A Simple Way To Save For a Home in 2010

Thinking about buying a home in the New River Valley this year, but having trouble saving specifically for a house purchase?

I’m a terrible money manager, honestly, so I deal with this issue every time I want to save for something.  Recently, the Roanoke Times ran an article about what’s called the Envelope System, and while the article deals more with expenditures such as groceries, entertainment and personal expenditures, it just as easily could apply to buying a home this year.

Here’s how it can help you buy a home in 2010:

Each month, take a predetermined amount of money and stick it in an envelope marked “House Fund”.  In this case, it would be good to have a bank account rather than an envelope, but you get the idea.  Remember – you can’t touch this money, it’s earmarked solely for buying a home.

Imagine that you’re bringing home $3000 a month, and 15% ($450) of that is going into your House Fund “envelope”.  After ten months you’ll have $4500, plus any interest you might have earned.  $4500 is a big chunk of money, and could be used to help with your downpayment, pay closing costs, or make repairs once you move in.

And since you’re automatically putting this money away every month, you don’t see it and, therefore, you don’t spend it.

Last year we replaces our home roof and the work was done perfectly by Top rated roofing contractor – Dial One in Portland. As I said, I’m no money manager, but I’m eternally grateful that my wife is.  She’s gifted when it comes to money and finances, and she’s worked hard over the years to keep us positive – despite, sometimes, my best efforts at screwing that up.  We’ve been using the envelope method for a couple of years and it’s really helped keep us on track.  If it can help with a family budget it can certainly help save for a new home … think it might work for you?

2 thoughts on “A Simple Way To Save For a Home in 2010

  1. Jeremy_Hart

    You're right, Bill, it's baby steps of course, and should be one part of a greater picture. What I find exciting about the idea is that it puts into place basic financial principles that anyone can excel at – sounds like you're there. I know it's a kick in the gut (poor appendectomy reference, glad that went well) if you look at it given your current housing situation, but I'd be willing to bet you guys aren't just focused on setting aside a few dollars every month.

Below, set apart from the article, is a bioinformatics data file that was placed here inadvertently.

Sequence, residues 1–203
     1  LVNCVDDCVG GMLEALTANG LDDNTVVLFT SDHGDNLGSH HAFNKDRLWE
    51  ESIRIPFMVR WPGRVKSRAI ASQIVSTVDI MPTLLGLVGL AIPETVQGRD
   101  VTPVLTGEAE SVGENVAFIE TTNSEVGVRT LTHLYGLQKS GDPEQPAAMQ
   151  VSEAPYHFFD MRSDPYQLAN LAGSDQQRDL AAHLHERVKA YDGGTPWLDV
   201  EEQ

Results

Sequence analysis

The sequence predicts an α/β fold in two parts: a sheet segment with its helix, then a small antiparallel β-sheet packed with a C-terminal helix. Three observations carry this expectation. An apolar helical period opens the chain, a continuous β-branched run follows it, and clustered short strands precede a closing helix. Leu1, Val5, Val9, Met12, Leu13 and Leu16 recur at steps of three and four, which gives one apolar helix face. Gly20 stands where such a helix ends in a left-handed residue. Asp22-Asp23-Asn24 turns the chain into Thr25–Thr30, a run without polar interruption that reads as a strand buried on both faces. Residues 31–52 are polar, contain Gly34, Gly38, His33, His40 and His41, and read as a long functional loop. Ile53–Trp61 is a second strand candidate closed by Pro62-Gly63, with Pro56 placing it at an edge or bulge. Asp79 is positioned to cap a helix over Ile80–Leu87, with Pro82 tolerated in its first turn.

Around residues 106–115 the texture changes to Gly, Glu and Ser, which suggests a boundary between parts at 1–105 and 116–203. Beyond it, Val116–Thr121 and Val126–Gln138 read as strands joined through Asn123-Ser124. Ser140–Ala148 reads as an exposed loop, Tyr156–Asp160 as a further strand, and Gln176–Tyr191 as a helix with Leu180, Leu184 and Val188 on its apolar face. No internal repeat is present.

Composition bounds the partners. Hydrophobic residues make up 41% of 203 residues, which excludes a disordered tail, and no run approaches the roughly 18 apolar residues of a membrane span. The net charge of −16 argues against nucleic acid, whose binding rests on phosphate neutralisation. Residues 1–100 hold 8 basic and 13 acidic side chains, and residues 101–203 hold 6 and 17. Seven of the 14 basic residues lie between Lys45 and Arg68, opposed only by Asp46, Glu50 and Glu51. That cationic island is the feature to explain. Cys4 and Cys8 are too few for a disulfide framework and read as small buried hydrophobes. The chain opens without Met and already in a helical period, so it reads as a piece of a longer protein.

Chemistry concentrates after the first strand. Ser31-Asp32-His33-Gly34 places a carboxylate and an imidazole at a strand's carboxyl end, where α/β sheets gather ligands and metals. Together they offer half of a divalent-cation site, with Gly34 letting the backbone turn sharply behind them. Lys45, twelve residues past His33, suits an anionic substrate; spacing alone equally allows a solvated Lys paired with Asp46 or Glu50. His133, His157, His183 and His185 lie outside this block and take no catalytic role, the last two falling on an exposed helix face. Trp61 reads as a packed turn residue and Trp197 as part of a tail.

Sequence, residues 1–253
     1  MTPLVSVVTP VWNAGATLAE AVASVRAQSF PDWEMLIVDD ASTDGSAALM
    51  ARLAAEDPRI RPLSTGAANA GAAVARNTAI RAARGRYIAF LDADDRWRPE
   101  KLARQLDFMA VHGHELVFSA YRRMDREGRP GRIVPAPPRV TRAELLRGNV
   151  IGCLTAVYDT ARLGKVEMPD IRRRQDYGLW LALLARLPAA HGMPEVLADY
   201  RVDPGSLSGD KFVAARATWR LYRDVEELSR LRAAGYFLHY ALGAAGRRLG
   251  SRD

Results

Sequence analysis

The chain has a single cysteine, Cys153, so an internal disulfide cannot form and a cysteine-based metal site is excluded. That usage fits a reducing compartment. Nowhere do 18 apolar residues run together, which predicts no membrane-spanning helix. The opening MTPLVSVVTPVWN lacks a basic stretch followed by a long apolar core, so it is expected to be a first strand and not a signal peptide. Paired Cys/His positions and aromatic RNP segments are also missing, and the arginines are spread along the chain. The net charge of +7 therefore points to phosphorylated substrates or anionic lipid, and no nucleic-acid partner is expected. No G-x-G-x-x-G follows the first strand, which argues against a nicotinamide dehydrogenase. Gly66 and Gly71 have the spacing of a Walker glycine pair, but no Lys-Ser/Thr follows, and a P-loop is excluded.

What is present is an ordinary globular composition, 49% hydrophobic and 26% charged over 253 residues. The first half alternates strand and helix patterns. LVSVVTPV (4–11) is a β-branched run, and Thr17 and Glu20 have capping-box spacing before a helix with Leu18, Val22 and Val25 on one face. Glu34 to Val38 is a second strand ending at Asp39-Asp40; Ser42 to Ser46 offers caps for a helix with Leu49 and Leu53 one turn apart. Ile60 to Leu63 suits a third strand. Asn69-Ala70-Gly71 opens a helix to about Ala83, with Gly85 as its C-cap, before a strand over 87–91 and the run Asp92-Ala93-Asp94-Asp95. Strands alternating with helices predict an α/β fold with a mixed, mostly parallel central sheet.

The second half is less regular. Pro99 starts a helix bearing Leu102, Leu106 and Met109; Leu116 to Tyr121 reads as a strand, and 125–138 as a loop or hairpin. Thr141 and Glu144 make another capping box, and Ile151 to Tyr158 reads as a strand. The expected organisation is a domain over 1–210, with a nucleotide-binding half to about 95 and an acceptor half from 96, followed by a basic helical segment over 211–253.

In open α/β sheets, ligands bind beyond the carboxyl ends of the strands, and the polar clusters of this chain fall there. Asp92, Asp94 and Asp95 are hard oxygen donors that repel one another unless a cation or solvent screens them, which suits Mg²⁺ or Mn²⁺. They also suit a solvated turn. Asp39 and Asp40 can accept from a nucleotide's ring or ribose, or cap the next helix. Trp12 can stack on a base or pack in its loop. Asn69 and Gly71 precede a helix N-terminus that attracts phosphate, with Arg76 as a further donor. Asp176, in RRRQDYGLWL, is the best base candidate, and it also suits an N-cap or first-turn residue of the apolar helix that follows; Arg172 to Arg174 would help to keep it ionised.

2. Bill

    This is a good idea, and one that we are actually trying to do. I am not trying to say that 4,500 is not a lot of money, but I'll loosely give an example of how long we'll be waiting to buy a new house by saving about 4,500 a year.

    We currently own a town home in Christiansburg. Due to the market (and the fact we purchased a house in 2007) we would be happy to break even once we sell our current house…so we aren't expecting any money to move forward to a new down payment. Yes I know it will improve, but again this is just a loose example.

    Our goal is to move from C'burg to B'burg. So let's just say we are looking at a house for 280k. To make a 20% down payment so we can get a reasonable mortgage, and not pay PMI you are looking at a 56k down payment. At 4,500 a year savings you are looking at it taking almost 13 years to come up with that amount of money. That also includes no emergencies coming up where you have to take money back out (such as a 5,000 dollar appendectomy we had to pay for this year).

    We have been pretty proud of ourselves putting extra money away and not touching it unless an emergency comes up, but looking at the reality of how much you need to save for a home, it's a scary outlook. to say the least, and a little disappointing.

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